Nokia benefits from Google earnings error

Nokia dodged a bullet with its 3Q results.
 
No, not in terms of the numbers themselves – they continued to slide, with earnings per share slipping from €-0.02 in 3Q11 to €-0.26 in the recent period, operating profit down 69% year-on-year to €78 million and sales some 19% lower than the same quarter last year.
 
Rather, in terms of the timing of Nokia’s results announcement. The heat was taken off the firm almost entirely by Google, which sent markets into panic with an early release of its 3Q figures that showed a 20% fall in profit year on year, on higher operating costs (up 71%) and lower advertising income (down 15%)
 
Google’s announcement sparked a run on its shares that resulted in a 9% drop in their value before trading was stopped as it emerged the earnings were released prematurely by the firm that prints its financial documents, the Wall Street Journal reports.
 
The firm always planned to hold a conference call to discuss the figures on 18 October, but after markets closed. The official release allowed the firm to put some spin on the results, with chief executive Larry Page talking up large revenue increases and emphasizing the company’s relative youth in the tech industry.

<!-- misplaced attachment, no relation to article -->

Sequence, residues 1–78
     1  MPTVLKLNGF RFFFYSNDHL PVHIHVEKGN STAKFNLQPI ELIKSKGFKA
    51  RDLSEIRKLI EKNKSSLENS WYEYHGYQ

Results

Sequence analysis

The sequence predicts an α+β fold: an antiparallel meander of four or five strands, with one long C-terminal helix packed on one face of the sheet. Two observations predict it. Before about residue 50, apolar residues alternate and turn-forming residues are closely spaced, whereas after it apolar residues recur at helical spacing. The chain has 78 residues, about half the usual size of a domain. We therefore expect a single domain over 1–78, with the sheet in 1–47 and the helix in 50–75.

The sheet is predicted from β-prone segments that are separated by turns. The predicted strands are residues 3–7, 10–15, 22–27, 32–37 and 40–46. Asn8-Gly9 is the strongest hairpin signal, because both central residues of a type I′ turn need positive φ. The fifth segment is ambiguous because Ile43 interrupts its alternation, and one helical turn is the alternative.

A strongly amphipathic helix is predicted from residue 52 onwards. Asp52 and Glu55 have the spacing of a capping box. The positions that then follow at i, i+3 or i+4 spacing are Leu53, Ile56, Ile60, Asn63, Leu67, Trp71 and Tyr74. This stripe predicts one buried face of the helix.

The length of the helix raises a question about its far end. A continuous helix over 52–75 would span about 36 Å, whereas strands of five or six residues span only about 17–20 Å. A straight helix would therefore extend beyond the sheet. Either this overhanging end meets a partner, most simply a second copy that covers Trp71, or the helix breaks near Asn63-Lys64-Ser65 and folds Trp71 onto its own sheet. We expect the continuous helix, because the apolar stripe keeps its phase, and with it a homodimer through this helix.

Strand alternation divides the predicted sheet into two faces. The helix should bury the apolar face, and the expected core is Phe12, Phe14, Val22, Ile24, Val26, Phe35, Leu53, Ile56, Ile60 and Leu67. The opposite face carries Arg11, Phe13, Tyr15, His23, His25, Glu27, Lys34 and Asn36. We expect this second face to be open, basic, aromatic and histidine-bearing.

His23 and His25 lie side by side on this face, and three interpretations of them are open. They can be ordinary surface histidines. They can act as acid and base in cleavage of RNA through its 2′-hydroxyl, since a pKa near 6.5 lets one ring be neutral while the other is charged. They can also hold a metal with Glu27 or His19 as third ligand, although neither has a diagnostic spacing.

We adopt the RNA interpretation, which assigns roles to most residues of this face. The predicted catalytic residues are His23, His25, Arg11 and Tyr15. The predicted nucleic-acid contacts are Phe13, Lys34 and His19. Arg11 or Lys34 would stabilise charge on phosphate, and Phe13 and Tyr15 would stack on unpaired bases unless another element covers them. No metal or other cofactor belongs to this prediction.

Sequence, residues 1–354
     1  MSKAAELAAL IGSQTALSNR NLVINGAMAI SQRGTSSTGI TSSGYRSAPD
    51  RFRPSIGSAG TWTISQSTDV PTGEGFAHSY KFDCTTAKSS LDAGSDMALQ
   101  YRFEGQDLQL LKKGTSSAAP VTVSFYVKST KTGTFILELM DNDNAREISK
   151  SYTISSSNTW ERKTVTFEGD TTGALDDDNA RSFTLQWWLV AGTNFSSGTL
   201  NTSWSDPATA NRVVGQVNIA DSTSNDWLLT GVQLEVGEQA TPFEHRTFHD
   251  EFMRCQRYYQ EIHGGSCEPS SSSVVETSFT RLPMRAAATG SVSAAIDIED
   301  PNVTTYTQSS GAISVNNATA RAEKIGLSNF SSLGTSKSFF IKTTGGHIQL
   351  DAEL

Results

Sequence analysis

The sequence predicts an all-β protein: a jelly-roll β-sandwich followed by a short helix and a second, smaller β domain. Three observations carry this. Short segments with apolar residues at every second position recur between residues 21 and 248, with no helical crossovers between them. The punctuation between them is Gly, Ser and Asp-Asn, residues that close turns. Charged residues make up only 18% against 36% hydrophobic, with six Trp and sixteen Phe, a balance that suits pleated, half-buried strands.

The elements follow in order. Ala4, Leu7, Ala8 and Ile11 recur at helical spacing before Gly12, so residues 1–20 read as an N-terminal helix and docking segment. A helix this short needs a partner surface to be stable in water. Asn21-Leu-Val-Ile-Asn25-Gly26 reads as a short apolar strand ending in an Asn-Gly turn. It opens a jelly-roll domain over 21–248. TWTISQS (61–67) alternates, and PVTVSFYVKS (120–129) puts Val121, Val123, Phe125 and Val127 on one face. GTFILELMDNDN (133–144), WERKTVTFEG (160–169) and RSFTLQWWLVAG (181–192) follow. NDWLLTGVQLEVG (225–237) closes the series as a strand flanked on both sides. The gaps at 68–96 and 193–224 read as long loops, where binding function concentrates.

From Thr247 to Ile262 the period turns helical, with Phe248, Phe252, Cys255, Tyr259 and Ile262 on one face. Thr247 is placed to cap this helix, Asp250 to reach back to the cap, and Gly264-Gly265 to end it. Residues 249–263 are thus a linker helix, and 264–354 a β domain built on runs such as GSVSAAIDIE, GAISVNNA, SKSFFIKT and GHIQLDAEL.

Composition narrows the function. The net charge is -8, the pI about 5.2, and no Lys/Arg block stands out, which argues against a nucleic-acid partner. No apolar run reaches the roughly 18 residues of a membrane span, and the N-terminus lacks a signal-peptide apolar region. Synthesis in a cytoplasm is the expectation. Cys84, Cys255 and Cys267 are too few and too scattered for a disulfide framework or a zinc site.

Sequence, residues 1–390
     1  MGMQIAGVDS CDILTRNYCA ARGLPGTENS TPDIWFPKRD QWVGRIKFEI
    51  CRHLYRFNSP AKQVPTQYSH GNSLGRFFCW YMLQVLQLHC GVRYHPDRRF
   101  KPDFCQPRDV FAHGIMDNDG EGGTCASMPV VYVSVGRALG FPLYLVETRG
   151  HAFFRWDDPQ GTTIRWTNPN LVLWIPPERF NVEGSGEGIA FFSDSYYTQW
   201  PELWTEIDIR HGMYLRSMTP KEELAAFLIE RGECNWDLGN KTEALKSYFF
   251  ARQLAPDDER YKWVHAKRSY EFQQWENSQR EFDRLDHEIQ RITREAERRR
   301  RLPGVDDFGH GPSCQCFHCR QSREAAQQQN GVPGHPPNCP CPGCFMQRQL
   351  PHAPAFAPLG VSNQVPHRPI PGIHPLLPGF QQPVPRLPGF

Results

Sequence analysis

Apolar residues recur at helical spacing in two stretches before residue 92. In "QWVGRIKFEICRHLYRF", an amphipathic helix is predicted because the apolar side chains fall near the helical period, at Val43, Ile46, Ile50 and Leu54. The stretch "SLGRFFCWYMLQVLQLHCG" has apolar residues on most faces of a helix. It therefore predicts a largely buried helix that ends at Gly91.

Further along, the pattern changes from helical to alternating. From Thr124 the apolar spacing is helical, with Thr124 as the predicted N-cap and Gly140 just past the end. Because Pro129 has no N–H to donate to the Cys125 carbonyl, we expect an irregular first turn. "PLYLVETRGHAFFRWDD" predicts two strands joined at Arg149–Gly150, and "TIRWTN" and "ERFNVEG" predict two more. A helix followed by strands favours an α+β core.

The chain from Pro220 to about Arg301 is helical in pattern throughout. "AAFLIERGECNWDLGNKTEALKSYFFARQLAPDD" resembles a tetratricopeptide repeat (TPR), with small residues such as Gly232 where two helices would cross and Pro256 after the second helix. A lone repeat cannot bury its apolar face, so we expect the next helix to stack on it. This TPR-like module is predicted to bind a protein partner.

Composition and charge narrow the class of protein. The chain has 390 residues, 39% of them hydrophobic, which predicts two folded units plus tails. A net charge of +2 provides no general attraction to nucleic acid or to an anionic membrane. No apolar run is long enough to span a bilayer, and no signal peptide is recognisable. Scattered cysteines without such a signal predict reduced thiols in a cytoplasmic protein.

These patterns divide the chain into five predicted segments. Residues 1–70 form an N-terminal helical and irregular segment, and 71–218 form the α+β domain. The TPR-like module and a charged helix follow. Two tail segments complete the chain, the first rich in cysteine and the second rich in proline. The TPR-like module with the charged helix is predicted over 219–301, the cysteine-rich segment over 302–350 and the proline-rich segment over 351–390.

Earnings per share of $6.53 (€4.99) were well off the $10.65 per share predicted by analysts, according to the WSJ report.
 
The error proved so compelling that Nokia didn’t even feature on Bloomberg or Reuters tech websites. Ironically, the device maker’s share price grew 9% despite the latest losses, after it slashed its net loss to €969 million, the BBC reports.

Suggested Articles

Wireless operators can provide 5G services with spectrum bands both above and below 6 GHz—but that doesn't mean that all countries will let them.

Here are the stories we’re tracking today.

The 5G Mobile Network Architecture research project will implement two 5G use cases in real-world test beds.